Review: Prophylactic use of β-carotene may increase the risk for all-cause mortality and cardiovascular deathPDF
ACP J Club. 2004 Mar-Apr;140:45. doi:10.7326/ACPJC-2004-140-2-045
Clinical Impact Ratings
Vivekananthan DP, Penn MS, Sapp SK, Hsu A, Topol EJ. Use of antioxidant vitamins for the prevention of cardiovascular disease: meta-analysis of randomised trials. Lancet. 2003;361:2017-23. [PubMed ID: 12814711]
In persons at risk, is prophylactic use of antioxidant vitamins (vitamin E and β-carotene) effective for primary and secondary prevention of all-cause mortality and cardiovascular (CDV) events?
Studies were identified by searching MEDLINE, searching for known randomized controlled trial (RCT) acronyms cited in review articles, and reviewing bibliographies of relevant articles.
Study selection and assessment
Studies were selected if they were RCTs that compared antioxidant vitamins (vitamin E or β-carotene) with a control treatment for primary and secondary prevention of all-cause mortality and CDV events in ≥ 1000 participants from developed countries without overt evidence of vitamin deficiencies. RCTs that did not report all-cause mortality were excluded from the review.
All-cause mortality, CDV death, all-cause cerebrovascular accident, nonfatal myocardial infarction, and a composite endpoint of CDV death or nonfatal myocardial infarction.
12 RCTs met the selection criteria. 8 RCTs (n = 138 113) evaluated β-carotene alone or in combination with other antioxidants, and 7 RCTs (n = 81 788) evaluated vitamin E alone or in combination with other antioxidants. Β-carotene: The rates of all-cause mortality and CDV death were greater in the β-carotene group than in the control treatment group (Table). The groups did not differ for all-cause cerebrovascular accident. Vitamin E: The groups did not differ for all-cause mortality, CDV mortality, and cerebrovascular accidents (Table), and the composite endpoint of CDV death or nonfatal myocardial infarction (9.4% vs 9.7%, P > 0.05).
In persons at risk, β-carotene may increase the risk for all-cause mortality and cardiovascular death, whereas vitamin E does not have any effect on these outcomes.
Source of funding: No external funding.
For correspondence: Dr. M.S. Penn, Cleveland Clinic Foundation, Cleveland, OH, USA. E-mail firstname.lastname@example.org.
Table. β-carotene or vitamin E vs control treatment for primary and secondary prevention of all-cause mortality and cardiovascular events at 1.4 to 12 years*
|Outcomes||Comparisons||Weighted event rates||RRI (95% CI)||NNH (CI)|
|All-cause mortality||β-carotene vs control||7.3% vs 7.0%||6% (1 to 11)||326 (140 to ∞)†|
|Vitamin E vs control||11.5% vs 11.1%||4% (−2 to 10)||Not significant†|
|Cardiovascular death||β-carotene vs control||3.3% vs 3.1%||11% (1 to 22)||409 (176 to ∞)†|
|Vitamin E vs control||6.0% vs 6.0%||0% (−5 to 6)||Not significant|
|All-cause stroke||β-carotene vs control||2.4% vs 2.3%||0% (−9 to 9)||Not significant|
|Vitamin E vs control||3.6% vs 3.5%||3% (−7 to 13)||Not significant|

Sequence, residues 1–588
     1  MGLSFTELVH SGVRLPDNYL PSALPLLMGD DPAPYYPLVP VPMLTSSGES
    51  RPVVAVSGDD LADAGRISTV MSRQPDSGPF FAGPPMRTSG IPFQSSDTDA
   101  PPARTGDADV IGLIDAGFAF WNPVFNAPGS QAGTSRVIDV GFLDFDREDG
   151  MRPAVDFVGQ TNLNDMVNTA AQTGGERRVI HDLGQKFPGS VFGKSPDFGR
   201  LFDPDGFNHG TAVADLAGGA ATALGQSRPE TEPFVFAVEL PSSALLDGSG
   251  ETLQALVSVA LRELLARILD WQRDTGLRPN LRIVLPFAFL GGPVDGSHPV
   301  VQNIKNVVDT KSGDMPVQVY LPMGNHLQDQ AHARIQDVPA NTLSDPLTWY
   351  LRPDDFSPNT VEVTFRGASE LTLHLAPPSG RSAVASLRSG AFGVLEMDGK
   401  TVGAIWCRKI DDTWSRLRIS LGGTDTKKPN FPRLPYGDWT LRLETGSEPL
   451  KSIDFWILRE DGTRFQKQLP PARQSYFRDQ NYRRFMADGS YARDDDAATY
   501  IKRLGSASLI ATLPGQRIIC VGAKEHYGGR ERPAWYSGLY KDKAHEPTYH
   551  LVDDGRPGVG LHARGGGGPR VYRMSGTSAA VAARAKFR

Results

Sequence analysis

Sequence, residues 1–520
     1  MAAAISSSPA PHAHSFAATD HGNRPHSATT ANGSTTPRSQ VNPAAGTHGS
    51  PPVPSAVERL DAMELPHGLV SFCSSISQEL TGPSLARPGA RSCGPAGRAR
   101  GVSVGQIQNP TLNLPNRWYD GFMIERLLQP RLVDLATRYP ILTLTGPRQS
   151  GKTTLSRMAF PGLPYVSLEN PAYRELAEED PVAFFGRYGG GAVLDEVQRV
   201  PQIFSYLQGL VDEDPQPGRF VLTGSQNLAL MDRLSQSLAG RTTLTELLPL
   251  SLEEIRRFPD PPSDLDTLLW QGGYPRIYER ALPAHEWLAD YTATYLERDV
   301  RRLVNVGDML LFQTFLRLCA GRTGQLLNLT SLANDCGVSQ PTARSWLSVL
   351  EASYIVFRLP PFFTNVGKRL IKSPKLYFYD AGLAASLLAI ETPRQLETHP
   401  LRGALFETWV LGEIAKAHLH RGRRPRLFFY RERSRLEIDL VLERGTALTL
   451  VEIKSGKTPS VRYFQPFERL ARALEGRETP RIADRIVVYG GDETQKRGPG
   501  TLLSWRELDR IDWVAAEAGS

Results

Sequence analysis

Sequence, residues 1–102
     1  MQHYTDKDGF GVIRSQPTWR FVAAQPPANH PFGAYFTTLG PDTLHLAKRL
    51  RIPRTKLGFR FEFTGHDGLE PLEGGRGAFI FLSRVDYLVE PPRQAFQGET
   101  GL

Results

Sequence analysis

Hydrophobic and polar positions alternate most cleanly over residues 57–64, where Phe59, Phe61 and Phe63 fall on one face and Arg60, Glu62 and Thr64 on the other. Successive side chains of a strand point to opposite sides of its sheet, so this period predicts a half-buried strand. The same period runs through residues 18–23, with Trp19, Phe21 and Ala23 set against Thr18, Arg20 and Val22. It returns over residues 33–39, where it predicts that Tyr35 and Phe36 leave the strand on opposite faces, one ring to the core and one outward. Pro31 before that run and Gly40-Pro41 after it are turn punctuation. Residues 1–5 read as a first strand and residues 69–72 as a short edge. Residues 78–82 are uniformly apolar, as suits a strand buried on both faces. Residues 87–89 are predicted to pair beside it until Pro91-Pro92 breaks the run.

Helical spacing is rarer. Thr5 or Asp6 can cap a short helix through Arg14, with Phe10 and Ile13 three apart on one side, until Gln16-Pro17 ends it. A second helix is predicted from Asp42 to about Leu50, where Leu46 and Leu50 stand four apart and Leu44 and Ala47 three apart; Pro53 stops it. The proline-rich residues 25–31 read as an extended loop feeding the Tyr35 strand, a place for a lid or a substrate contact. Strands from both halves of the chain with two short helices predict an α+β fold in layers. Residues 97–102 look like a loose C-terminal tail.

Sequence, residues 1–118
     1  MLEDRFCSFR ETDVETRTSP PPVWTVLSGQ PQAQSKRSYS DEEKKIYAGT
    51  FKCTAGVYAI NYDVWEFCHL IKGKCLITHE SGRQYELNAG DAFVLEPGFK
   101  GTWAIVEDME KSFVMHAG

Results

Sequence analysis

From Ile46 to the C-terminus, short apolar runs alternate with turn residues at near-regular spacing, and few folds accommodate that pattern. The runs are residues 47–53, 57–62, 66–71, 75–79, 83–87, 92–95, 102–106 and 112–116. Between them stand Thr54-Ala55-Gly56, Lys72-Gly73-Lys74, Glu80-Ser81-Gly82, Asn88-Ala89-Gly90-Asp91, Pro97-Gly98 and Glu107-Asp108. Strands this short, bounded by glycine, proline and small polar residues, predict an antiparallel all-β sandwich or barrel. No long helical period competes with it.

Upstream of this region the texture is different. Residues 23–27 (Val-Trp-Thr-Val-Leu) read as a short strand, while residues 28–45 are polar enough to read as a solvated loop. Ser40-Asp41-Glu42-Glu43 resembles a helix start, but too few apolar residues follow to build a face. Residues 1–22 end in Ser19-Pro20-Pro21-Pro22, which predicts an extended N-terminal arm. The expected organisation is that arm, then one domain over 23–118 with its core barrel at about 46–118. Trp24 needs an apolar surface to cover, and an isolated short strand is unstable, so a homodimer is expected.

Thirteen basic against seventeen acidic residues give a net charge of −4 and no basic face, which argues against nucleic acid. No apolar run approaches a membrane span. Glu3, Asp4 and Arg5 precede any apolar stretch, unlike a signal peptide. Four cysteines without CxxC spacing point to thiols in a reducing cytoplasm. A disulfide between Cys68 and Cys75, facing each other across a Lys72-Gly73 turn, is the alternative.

*Abbreviations defined in Glossary; RRI, NNH, and CI calculated from data in article using a fixed-effects model.
†Meta-analyses were done using a random-effects model.
The physiologic basis for using antioxidant therapy to modify development of atherosclerosis and thereby prevent CDV events appears logical and has much appeal to the public and health care providers. This is particularly so when observational studies have suggested that treatment with antioxidant vitamins, mainly vitamin E and β-carotene, may be beneficial in reducing all-cause mortality and CDV events. Subsequent RCTs, however, have not confirmed the promising results of the early nonrandomized studies.
The meta-analysis of large RCTs by Vivekananthan and colleagues showed that despite the enhanced statistical power offered by the overall data, use of vitamin E did not have any beneficial effects and that β-carotene was associated with a slight but significant increase in risk for all-cause and CDV mortality. It is important to note that, individually, the RCTs consistently did not show treatment benefits in the vitamin E trials and most β-carotene trials showed trends toward excess harm with active treatment.
Several reasons have been given to explain why the RCT results did not substantiate the promise of benefit found in the earlier studies. First, it is possible that the hypothesis evaluation process did not actually test the antioxidant hypothesis. The drug preparations may differ from the ingredients in antioxidant-rich food; they may not have the necessary antioxidant potency or they may even be pro-oxidants. Second, the lifestyle followed by the patients can affect study outcomes and may have a major confounding effect on the results, particularly in the uncontrolled studies. Third, it is possible that the extent of illness or baseline comorbid conditions could influence the responsiveness to the treatment. In the Heart Outcomes Prevention Evaluation study (1), it was speculated that a longer duration of treatment and follow-up would be necessary for the effects of the treatment to become evident. However, the results from additional 2.6-year follow-up beyond the initial 4.5-year follow-up did not show benefits of vitamin E treatment.
Thus, the potential benefits suggested by the “antioxidant hypothesis” are not realized with antioxidant supplements. At present, one can conclude that routine use of antioxidant vitamin therapy does not confer a clinical benefit, and in the case of β-carotene, the effect may be harmful.
Koon K. Teo, MB, PhD
Hamilton, Ontario, Canada
1. The Heart Outcomes Prevention Evaluation Study Investigators. Vitamin E supplementation and cardiovascular events in high-risk patients. N Engl J Med. 2000;342:154-60. [PubMed ID: 10639540]